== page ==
We opposed abortion when Roe v Wade made it legal in 1973, and we still oppose it just as vigorously today. Evangelicals felt that sex outside of traditional marriage was unlawful and wrong in the 1950 s and here we are, well into another century, and we still feel exactly the same. What in the world is wrong with us??? The answer is that nothing is wrong with us. We who grew up in a Christian culture and heard the teachings of the Bible over and over are as convinced as ever that we will cling to the words of Scripture and the views of Moses, Jesus, and Paul, rather than succumb to the words of Oprah Winfrey, or the songs of Miley Cyrus, or the lyrics of Snoop Dog.

We Don t Understand Them Either!

And of course, just as the secularists don t understand us at all, and look at us as hopelessly behind the times, neither do we understand them. We look at them as hopelessly drowning in an ungodly ocean of profanity and sensuality. We evangelicals don t get why so many people these days cannot put together a single sentence without adding an f-bomb,” or why virginity in a single person is looked on as the mark of a loser rather than the evidence of decency and self-control. We cannot imagine how people can bombard their ears and their minds with loud, harsh, angry, sexually laced music, and call it “awesome.” We find it puzzling that so many people refer to the killing of an unborn infant as a woman s so-called right to choose.” Right to choose what? To choose putting an end to the precious life that God has given her?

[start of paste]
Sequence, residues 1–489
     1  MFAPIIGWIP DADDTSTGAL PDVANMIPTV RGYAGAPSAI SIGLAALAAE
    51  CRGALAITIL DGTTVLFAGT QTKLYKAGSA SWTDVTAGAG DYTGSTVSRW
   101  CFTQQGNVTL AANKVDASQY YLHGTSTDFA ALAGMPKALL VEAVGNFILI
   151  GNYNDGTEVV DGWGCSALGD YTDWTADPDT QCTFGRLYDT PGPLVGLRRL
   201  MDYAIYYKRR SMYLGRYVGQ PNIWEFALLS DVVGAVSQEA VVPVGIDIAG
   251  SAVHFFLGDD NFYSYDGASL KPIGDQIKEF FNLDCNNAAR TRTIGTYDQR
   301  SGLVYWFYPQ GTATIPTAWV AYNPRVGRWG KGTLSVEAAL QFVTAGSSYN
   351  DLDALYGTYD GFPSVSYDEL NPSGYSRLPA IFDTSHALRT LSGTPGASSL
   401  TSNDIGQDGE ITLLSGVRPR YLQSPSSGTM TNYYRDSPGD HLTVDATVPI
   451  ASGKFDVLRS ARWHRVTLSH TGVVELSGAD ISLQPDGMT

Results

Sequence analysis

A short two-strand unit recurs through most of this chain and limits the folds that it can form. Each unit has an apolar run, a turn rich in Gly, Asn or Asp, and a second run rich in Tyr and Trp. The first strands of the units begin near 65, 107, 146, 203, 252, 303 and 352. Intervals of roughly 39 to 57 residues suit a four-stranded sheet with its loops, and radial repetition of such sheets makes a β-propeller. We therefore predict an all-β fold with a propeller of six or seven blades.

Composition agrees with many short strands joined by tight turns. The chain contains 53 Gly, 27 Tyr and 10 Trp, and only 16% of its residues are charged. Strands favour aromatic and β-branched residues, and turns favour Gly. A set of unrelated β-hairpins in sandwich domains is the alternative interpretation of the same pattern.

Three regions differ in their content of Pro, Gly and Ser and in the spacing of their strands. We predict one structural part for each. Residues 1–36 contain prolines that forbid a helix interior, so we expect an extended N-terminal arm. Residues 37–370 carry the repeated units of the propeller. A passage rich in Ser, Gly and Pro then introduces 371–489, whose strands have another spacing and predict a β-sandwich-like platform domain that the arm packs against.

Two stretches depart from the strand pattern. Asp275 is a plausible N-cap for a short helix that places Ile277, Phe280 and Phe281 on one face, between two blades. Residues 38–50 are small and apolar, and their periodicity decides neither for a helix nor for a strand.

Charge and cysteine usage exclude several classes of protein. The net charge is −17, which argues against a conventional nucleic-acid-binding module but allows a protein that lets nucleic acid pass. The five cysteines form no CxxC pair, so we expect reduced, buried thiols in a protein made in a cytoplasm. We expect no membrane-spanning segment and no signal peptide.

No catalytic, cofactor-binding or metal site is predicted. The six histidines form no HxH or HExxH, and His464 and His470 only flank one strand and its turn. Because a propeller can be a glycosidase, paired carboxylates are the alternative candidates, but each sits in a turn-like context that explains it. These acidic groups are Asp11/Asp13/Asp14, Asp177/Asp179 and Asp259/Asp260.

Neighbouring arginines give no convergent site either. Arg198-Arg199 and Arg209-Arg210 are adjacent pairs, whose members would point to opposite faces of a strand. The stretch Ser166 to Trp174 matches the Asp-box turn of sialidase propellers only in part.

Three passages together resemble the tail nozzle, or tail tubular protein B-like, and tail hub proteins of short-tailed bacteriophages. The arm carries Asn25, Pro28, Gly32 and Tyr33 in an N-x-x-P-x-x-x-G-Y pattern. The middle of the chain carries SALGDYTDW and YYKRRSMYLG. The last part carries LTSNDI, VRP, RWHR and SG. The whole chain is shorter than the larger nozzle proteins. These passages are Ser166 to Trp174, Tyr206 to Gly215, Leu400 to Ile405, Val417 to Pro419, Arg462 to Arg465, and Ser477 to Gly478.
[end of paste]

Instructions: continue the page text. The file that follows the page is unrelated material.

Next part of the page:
But, when you think about it, they are acting, speaking, and believing according to the culture in which they were immersed from birth, even as we evangelicals are doing when we hold the exact opposite values. The secularists grew up feeding their spirits on the attitudes and opinions of celebrities who never speak of God except as a curse word and listening to the press who are overwhelmingly anti-God, anti-Christ, and anti-Bible. It is no surprise that they feel and act and speak as they do. Given the intellectual and spiritual food” they have been ingesting since birth, how could it be otherwise? And of course, evangelicals and secularists frequently find themselves at odds. It was no different in Jesus day. He told His disciples: ...Because you are not of the world, but I chose you out of the world, therefore the world hates you” (John 15:19).